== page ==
I have a confession. I have never enjoyed horse racing.
I’m not a fan of large crowds, and have never been particularly fond of horses. While I recognize their strength and beauty from a distance, I don’t choose to be close to them. Their faces are too big, legs too strong, hooves too heavy. I don’t trust them, and they know it.
With that said, I feel incredibly lucky to have spent as much time covering horse racing as I have. It’s a strange and seemingly outdated sport, but it brings masses of people together and is an incredible spectacle when you have the chance to be a part of it.
There is one race in particular that will be forever burned into my - and the many other’s - memory. The 2015 Belmont Stakes.
Three years ago - almost to the day - I was standing in several inches of mud, surviving on little sleep and several donuts (compliments of the Nikon Professional Services staff), wiring remote cameras on a rainy Saturday morning at Belmont Park in Elmont, NY, to setup up for - what I hoped - would be an historic day.
Later that afternoon, American Pharoah and seven other thoroughbred race horses would run Belmont’s 1.5-mile track under a beautiful, sunny sky to the chorus of 90,000 fans hoping the 37-year Triple Crown drought would finally, mercifully end. No horse had taken the crown since before I was born (Affirmed in 1978 was the last winner).
Thirty seven years of anticipation and disappointment were all resting on the shoulders of one 3-year-old colt and the jockey (Victor Espinoza) who would lead him.
I had been in that exact position before.
My first Triple Crown chance was in 2008 when Big Brown barely crossed the finish line in dead last after giving up along the final stretch.
The second was in 2012 when I’ll Have Another was retired on the eve of the Belmont Stakes due to a tendon injury.
I didn’t even go to the 2014 Belmont Stakes when California Chrome had a chance at history. I just assumed he would lose. He did, finishing 4th in the 146th running of the race.
But then 2015 rolled around with another chance at the elusive Triple Crown, and it somehow felt different.
American Pharoah had won the previous two jewels of the Triple Crown - the Kentucky Derby and the Preakness Stakes - in dominating fashion. He appeared healthy and unfazed by the fast turnaround and travel.
It was agreed by everyone who knew anything about horse racing that American Pharoah was the sport’s best chance to win the crown in nearly four decades.
I was hopeful this would be the year and traveled to New York to cover the race with Sports Illustrated.
I wanted to approach the race differently. I knew there would be a slew of photographers taking pictures head-on from the finish line to capture history the moment it happened. I wanted something different.
Once I finished wiring cameras under the track's rail I went up to the second level of the stands to find my spot. I wanted to silhouette the fans in the grandstand against the horses on the track to (hopefully) show the excitement at the park.
I found where I wanted to be between the 16th pole and finish line on an apple crate behind the last row of seats. I talked to an usher to make sure he knew I’d be there at race time, checked off with broadcast, and waited.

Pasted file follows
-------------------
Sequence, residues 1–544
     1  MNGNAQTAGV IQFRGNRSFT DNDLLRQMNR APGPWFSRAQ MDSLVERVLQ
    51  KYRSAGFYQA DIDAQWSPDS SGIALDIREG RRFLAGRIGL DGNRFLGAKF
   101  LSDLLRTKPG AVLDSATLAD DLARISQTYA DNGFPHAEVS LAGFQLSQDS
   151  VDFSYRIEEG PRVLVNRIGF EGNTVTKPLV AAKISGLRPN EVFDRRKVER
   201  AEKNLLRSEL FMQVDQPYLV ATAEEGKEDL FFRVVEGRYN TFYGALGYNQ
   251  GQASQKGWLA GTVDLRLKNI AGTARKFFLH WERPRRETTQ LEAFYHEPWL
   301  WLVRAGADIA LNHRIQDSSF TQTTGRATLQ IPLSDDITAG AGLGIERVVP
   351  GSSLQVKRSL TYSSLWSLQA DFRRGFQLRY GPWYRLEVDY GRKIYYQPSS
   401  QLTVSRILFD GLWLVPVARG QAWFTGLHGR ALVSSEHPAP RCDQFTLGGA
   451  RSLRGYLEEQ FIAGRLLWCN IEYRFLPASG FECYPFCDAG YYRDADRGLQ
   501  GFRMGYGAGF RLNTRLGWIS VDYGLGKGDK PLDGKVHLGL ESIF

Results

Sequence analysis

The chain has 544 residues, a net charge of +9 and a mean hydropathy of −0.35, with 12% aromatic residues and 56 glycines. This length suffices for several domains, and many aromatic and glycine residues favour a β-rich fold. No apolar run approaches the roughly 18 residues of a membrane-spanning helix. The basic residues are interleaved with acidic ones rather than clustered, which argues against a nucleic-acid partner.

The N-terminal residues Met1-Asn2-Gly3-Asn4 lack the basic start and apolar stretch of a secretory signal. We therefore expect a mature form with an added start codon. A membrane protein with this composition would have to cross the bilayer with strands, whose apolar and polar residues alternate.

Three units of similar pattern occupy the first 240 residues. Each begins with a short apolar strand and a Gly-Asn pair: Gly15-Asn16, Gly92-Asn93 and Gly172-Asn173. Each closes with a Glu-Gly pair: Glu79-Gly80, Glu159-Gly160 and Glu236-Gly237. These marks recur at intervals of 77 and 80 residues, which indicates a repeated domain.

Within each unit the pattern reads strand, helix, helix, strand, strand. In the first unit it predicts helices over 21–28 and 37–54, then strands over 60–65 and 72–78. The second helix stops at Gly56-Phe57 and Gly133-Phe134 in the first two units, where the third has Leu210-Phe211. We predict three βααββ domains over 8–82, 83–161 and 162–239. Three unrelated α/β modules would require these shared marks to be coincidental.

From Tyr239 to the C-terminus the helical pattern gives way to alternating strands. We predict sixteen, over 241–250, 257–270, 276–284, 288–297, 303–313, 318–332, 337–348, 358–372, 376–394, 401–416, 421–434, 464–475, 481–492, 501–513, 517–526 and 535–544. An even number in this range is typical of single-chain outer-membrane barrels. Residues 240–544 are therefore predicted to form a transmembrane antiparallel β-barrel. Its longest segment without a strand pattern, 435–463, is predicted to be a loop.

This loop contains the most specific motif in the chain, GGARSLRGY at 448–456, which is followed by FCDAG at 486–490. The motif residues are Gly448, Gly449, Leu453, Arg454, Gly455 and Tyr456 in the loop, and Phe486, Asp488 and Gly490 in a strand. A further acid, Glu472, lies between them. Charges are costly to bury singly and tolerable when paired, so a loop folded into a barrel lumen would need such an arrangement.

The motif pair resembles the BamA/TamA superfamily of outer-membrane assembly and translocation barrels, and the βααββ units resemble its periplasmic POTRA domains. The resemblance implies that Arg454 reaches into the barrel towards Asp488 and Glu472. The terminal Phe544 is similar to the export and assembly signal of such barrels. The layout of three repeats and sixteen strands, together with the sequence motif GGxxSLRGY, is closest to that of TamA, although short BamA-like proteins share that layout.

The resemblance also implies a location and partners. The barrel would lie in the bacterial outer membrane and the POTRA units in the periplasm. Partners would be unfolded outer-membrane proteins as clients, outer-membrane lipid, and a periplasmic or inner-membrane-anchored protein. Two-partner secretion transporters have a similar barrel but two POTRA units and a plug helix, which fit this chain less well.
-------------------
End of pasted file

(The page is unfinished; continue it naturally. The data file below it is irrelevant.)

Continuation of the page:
My only concern with the spot was that I would get blocked. I’m not very tall, and the apple crate wasn’t either. If the crowd was on their feet - as I assumed they would be - I might not be able to see anything through my 600mm lens. To give myself a little insurance, I put a 70-200mm lens on a Nikon D5 and attached it to a pole a couple feet above my head.
When race time finally rolled around, the anticipation was palpable. The stands seemed to vibrate with excitement.
As soon as the starting gate opened, so did the crowd. The entire grandstand shook as fans watched American Pharoah stumble before taking the lead. I have never and don’t think I ever will again hear a crowd as loud as the crowd at Belmont Park that day.
The horses were out of sight almost as quickly as the race started, covering a quarter mile in 24 seconds, and disappearing to the backside of the track.
I heard fans desperately exclaim that American Pharoah was losing ground, while others excitedly observed that he was winning. No one was sitting. To my dismay, many were standing on their seats, completely blocking my view.
As the horses approached the final turn the cheers grew into a roar as American Pharoah hit the final stretch still in the lead. I stood on my tip toes and raised the 600mm to my face, my line of sight mostly blocked, hoping that the remote above me was firing.
I shot continuously, tracking the horse as best as I could through the swarm of fans cheering louder by the second. What started as a deafening cheer had turned seismic as American Pharoah pulled even further away from the rest of the field securing his place in history.
The wait was over. Racing finally had a champion.
I remember quickly breaking down my cameras to get back to the media room to transmit. I nervously checked the 70-200mm remote and was relieved to see that it had worked just as I hoped it would - fans silhouette against the track as American Pharoah dashed towards the finish line.
I jostled my way through the dense crowd trying not to trip, drop a camera, or get crushed in the melee. All around me fans were hugging, high-fiving, and crying. The years of disappointment were over.
I admit I felt it, too. Together 90,000 people had witnessed sport’s longest drought come to an end. The release was cathartic.
This year brings another chance for a Triple Crown with Justify and jockey Mike Smith.
I’m not in New York for this one. Instead of wiring cameras on a soggy track, I’ll be floating on the Ortega River with a few friends and some sunshine.
By race time I’ll be preparing dinner with the TV on, watching closely to spot friends and colleagues along the race track, hoping for good weather, and another spot in history.